Likened to Berlin for its slightly un-Italian austere atmosphere and penchant for underground techno, Milan's fashion industry scene ensures that it has no shortage of club-goers. Rap, trap and hip-hop are also big deals on the Milan scene, perhaps a reflection of Greater Milan's huge urban sprawl. We take a trip and investigate some of the places that demonstrate the unique city's counterculture.
Milan's longest running club, established in 1980, Plastic was described by Andy Warhol as 'one of the best clubs in the world'. Complete with neon lettering and glitter balls, as you might expect from a club that dates back to the days of 80s disco in a city that has associations with the fashion industry, it's a club where people dress to impress, not to conform.
As the name may suggest, Tunnel makes use of that staple nightclub location, disused railway architecture. Built below Milano Centrale station’s rails, the club set out in the 1990s as Milan's home for underground experimental drum and bass and trip-hop, becoming a hub for live music and DJs. Having weathered the financial and cultural ups and downs of the period, Tunnel is currently enjoying its status as a clubbing hotspot and venue for touring international live bands.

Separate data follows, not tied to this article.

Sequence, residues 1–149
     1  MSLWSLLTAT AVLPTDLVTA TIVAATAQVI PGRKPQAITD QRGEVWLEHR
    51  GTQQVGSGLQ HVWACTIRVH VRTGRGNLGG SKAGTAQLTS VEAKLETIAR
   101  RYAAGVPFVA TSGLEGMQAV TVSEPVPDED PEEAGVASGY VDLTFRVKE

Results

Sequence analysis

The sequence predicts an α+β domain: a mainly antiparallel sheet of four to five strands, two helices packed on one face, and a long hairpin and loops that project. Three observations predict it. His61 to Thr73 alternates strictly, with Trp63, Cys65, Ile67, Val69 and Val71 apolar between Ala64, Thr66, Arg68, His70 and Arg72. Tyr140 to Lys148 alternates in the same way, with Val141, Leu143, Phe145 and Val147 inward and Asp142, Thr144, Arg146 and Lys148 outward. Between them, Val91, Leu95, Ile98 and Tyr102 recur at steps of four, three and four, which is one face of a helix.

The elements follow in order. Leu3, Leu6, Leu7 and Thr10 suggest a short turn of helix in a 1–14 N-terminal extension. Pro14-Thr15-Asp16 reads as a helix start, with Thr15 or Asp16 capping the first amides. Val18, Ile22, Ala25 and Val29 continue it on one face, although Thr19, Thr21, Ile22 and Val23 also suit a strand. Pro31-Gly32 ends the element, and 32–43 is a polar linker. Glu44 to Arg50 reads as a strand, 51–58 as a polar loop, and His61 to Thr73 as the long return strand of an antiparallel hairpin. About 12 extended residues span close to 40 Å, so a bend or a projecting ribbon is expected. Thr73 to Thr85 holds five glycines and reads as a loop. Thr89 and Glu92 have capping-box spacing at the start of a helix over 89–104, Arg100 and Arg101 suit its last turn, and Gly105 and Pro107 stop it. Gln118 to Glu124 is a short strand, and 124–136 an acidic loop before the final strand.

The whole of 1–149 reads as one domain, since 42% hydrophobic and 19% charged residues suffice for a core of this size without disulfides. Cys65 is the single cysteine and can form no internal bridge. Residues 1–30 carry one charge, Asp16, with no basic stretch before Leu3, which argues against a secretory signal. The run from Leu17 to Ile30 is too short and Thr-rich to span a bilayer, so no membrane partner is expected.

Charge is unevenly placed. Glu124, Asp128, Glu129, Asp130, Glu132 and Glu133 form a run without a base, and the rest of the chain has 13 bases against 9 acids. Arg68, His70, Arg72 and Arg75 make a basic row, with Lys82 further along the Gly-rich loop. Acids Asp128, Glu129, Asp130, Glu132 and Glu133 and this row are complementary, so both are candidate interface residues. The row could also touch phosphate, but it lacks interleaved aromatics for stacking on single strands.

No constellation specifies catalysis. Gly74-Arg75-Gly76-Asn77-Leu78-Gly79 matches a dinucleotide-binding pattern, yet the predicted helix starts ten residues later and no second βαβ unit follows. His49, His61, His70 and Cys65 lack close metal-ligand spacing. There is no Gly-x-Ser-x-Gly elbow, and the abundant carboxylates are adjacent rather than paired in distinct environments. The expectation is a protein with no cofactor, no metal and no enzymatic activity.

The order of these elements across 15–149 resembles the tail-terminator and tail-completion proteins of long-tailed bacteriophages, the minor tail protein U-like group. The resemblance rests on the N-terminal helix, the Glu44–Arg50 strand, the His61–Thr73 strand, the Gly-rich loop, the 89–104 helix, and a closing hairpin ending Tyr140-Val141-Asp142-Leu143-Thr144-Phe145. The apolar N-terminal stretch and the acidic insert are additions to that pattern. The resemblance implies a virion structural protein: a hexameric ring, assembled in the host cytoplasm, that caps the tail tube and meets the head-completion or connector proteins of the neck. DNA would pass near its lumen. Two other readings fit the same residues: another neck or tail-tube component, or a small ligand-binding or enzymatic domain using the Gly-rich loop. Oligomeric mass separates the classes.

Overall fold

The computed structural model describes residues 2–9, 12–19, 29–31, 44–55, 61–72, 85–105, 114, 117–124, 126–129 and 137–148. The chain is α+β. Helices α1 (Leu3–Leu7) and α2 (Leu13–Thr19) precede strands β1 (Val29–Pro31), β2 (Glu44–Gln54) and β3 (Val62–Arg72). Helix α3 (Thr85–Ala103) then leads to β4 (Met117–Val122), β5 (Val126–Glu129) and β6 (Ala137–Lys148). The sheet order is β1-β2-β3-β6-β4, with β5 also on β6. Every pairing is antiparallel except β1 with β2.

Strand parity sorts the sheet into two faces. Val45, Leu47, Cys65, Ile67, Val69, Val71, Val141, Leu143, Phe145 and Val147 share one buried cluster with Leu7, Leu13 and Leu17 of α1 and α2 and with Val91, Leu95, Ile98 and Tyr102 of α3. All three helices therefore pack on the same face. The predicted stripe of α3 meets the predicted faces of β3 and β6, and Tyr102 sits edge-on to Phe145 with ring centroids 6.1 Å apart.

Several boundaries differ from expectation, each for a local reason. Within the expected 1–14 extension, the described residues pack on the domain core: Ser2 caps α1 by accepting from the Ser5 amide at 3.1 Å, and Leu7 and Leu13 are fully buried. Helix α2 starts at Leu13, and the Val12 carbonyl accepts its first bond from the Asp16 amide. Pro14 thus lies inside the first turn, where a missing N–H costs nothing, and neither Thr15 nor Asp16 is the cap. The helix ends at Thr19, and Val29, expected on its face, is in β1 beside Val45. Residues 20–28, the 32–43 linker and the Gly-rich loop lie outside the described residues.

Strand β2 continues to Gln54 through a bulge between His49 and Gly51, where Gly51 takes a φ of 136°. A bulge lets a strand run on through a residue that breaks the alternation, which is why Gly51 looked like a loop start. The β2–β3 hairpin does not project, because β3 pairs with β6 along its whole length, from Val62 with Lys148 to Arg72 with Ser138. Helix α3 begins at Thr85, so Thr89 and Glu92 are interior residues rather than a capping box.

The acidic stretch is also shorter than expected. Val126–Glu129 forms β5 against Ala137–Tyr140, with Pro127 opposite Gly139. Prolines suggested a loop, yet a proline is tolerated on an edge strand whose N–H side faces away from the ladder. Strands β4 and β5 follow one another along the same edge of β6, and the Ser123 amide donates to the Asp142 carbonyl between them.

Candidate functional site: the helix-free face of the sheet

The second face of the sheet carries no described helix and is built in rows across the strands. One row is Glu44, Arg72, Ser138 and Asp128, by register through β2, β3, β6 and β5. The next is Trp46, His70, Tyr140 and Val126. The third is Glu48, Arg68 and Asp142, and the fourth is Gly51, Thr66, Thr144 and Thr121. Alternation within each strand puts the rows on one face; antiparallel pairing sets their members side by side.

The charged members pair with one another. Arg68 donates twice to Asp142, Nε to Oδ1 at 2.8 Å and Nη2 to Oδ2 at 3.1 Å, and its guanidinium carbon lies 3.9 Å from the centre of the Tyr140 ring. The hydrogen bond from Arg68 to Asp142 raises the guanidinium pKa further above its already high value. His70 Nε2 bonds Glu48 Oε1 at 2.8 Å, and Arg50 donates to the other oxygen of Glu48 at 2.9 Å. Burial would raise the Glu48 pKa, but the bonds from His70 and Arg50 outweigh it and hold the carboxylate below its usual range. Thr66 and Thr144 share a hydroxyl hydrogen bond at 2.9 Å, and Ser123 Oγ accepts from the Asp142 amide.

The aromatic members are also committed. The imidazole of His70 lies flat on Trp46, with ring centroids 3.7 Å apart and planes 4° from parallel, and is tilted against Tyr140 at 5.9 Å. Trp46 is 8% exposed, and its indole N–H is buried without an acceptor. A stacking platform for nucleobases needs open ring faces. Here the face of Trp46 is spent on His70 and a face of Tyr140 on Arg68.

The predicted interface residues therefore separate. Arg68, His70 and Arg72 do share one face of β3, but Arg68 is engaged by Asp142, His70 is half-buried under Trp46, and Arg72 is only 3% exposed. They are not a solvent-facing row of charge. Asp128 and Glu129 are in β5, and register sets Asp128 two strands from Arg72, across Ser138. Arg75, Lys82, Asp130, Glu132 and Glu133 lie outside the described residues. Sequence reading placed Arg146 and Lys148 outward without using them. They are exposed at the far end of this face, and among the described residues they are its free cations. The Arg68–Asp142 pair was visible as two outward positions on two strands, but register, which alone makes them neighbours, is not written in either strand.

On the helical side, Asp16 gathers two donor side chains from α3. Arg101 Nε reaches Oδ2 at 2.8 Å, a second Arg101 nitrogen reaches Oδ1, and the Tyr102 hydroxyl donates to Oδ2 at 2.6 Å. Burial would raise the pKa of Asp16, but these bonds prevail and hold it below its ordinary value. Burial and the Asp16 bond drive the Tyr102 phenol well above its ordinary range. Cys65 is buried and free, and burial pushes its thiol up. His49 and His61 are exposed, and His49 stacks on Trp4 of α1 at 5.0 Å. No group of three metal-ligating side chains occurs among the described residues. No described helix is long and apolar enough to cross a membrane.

Representing the glamorous larger than life side of clubbing in Milan, Tocqueville 13 is a 2,500 capacity club for enjoying rap, trap, Cîroc and champagne. Tocqueville 13 was also the location for Fred Perry's recent SubcultureLive event in Milan, with a line up of DJs headlined by Peggy Gou.
Volt's website states: "Classic and formal dress unwelcome. The only ‘rule‘ to dressing well at the Volt Club is that you must make it look good". Fans of Volt defend its picky policies on the door, pointing out that it manages to sit in the underground scene and fashion scene simultaneously as a result. It's often suggested that those who want a more casual night out with underground sounds should check out Dude instead.
Another underground stronghold of Milan's electronic/techno music scene, Dude club is currently housed by two rooms, its larger louder main room, and its quieter and grandly titled partner the Astronomical Observatory.
Founded in the mid-'90s in a turn of the century railside warehouse, Magazzini Genarali was the site of many a warehouse party. By 2005 The venue had picked up MTV Clubbing's award for best club. The 1000 capacity club has hosted the like of Chemical Brothers to Skrillex over the decades.
Since its beginnings as an illegal occupation of an unused pace in 1975, Leoncavallo has remained a fiercely social, left-wing enterprise. It's motto "Here I am and here I remain" adorns the walls and website of the creative space, that said, Leoncavallo has been evicted and forced to move more than once in its history, each time taking up a new residency in an abandoned space. The not just a venue and club, Leoncavallo also serves as an exhibition space, workshop, refugee centre and anything else it seems that its passionate community can turn its hands to.